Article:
Researchers at the Henry Ford Health System (Detroit, MI) and colleagues at Saneron CCEL Therapeutics, Inc. of Tampa, Florida, have found that when human umbilical cord blood cells (HUCBCs) were transplanted into test rats modeled with stroke, the addition of Simvastatin to the HUCBCs significantly increased the therapeutic benefit of the HUCBCs.
The study was published in a recent issue of Neuroscience (227:223-231)
According to N. Kuzmin-Nichols, Saneron president and COO, the combination treatment, delivered 24 hours after the test animals were subjected to simulated stroke, showed an interactive effect in improving neurological outcome. When compared with monotherapy, the combination therapy increased densities of key blood vessels, arteries, and smooth muscle cells in vascular walls.
"HUCBCs are a source for blood stem cells, endothelial cell precursors, mensenchymal cell progenitors, and other multipotent and pluripotent stem cells," said Kuzmin-Nichols. "They offer a promising therapy for stroke. However, when HUCBCs are used alone, and injected via a vascular route for brain repair, success has been limited."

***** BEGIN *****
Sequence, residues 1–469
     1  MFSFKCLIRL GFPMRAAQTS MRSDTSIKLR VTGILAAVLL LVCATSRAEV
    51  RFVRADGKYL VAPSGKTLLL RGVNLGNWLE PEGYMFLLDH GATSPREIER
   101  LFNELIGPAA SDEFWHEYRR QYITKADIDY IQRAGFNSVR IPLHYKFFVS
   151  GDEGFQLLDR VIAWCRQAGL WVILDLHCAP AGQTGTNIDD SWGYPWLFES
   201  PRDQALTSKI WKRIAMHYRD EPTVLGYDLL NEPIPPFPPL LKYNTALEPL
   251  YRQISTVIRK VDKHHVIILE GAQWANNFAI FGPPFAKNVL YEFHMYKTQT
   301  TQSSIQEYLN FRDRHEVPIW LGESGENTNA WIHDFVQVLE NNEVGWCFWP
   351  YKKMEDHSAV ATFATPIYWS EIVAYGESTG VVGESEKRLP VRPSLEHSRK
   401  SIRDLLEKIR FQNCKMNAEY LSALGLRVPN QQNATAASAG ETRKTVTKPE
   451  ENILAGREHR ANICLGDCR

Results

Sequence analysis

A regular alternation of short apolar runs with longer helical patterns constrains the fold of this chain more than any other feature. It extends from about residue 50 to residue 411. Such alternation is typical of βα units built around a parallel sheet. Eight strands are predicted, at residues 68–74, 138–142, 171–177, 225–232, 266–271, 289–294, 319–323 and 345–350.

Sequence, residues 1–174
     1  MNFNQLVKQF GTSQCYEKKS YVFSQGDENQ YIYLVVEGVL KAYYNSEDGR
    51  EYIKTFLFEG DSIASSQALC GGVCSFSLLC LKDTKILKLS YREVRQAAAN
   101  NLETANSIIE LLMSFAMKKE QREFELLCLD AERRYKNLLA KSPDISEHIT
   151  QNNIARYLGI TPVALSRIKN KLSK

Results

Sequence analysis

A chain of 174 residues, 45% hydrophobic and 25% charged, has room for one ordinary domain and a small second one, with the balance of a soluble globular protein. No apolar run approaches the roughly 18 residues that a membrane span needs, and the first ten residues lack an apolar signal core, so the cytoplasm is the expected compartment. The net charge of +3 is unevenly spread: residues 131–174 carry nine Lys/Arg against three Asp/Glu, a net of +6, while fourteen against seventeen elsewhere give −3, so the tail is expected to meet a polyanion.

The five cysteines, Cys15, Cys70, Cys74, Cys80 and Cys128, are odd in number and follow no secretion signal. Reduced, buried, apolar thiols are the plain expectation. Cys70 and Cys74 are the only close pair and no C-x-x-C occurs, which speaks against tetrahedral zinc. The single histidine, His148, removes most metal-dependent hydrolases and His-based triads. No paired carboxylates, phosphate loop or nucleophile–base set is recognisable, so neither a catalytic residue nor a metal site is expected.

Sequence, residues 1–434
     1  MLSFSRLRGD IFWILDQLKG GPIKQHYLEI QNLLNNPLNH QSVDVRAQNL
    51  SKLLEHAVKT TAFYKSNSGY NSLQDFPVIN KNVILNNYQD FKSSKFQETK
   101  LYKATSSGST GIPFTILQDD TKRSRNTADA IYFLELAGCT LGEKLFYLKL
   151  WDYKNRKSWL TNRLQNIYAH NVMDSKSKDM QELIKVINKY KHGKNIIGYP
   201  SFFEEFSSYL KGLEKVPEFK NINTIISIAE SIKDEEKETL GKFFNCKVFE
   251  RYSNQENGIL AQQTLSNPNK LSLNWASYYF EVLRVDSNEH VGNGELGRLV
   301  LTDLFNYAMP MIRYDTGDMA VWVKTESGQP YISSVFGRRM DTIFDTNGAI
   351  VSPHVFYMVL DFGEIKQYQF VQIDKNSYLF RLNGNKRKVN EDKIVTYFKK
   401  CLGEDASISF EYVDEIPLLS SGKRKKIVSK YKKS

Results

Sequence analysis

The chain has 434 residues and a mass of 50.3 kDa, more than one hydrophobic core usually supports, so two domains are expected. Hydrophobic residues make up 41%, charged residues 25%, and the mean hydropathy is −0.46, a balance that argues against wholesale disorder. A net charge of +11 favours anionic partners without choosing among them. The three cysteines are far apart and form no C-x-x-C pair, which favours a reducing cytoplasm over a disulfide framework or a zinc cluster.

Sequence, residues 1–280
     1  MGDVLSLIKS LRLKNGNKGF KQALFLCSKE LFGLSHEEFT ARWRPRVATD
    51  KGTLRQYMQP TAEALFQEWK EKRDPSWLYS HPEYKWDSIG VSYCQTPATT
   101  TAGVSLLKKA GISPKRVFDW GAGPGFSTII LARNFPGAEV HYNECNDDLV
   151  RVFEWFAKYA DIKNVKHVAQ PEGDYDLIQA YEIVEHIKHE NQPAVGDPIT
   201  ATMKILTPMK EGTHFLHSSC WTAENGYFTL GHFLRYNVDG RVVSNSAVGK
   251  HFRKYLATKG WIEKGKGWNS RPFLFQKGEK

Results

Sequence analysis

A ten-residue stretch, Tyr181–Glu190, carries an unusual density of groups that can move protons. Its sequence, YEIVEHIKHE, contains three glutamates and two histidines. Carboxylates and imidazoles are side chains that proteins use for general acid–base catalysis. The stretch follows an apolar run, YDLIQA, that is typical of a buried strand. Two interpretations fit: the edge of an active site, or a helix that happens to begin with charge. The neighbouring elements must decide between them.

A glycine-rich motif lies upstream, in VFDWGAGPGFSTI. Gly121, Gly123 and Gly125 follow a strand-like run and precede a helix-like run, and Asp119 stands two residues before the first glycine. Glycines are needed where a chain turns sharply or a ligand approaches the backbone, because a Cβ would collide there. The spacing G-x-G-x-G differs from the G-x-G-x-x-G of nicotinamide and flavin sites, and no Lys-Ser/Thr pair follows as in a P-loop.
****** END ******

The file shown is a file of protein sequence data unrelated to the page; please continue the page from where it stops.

Because the drug Simvastatin has been demonstrated to be a neurorestorative and neuroprotective agent in ischemic brain injury, the research team hypothesized that the combination of therapeutic doses of Simvastatin and HUCBCs would increase the expression of Angiopoietin-1(Ang-1, a protein with important roles in vascular development and blood vessel growth) and its receptor Tie2 (a cell-surface receptor that binds with Ang-1). Both Ang-1 and Tie2 promote vascular stabilization and artery growth and could enhance blood vessel remodeling (angiogenesis) after stroke, said the researchers.
According to the researchers, HUCBCs contain a "ready supply" of neurotrophic and angiogenic factors that induce neurogenesis (neural cell repair) and angiogenesis (blood vessel growth), both of which are critical to promoting neurological recovery post stroke. While transplanted HUCBCs have been found to selectively migrate to the injured brain, past and recent research has discovered that few transplanted HUCBCs express neural cell characteristics, and few find their way to the ischemic region of the brain.